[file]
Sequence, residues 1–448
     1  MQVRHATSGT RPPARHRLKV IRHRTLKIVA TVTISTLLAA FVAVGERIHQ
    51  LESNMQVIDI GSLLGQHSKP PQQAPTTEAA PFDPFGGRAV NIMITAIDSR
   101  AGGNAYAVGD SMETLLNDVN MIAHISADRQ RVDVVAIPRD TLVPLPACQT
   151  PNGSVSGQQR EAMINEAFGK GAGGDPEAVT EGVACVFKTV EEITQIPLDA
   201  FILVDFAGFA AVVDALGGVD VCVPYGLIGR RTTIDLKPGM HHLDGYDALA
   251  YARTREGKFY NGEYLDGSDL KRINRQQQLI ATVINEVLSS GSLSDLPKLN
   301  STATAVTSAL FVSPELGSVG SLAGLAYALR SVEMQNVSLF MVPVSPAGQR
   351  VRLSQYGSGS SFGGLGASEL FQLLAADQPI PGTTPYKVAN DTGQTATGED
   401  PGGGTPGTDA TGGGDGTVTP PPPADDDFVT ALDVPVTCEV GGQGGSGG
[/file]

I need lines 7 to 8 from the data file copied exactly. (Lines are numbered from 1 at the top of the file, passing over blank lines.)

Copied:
   251  YARTREGKFY NGEYLDGSDL KRINRQQQLI ATVINEVLSS GSLSDLPKLN
   301  STATAVTSAL FVSPELGSVG SLAGLAYALR SVEMQNVSLF MVPVSPAGQR